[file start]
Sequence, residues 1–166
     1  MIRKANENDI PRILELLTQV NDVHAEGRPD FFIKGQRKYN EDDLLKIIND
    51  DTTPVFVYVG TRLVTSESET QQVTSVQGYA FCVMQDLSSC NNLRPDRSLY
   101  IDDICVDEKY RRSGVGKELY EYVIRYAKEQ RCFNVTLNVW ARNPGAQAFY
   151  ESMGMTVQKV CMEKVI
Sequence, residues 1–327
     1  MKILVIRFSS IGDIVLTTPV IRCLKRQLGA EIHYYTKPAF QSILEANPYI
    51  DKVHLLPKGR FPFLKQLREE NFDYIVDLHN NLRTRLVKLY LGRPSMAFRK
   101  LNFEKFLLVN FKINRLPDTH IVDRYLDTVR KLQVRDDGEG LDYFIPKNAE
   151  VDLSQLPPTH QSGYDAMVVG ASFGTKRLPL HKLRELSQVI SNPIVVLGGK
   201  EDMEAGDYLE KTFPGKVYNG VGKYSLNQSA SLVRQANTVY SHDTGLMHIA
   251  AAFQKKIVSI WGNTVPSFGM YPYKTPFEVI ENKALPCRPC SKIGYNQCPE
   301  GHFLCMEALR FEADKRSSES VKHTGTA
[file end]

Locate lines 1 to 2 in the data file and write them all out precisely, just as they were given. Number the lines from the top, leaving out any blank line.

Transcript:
Sequence, residues 1–166
     1  MIRKANENDI PRILELLTQV NDVHAEGRPD FFIKGQRKYN EDDLLKIIND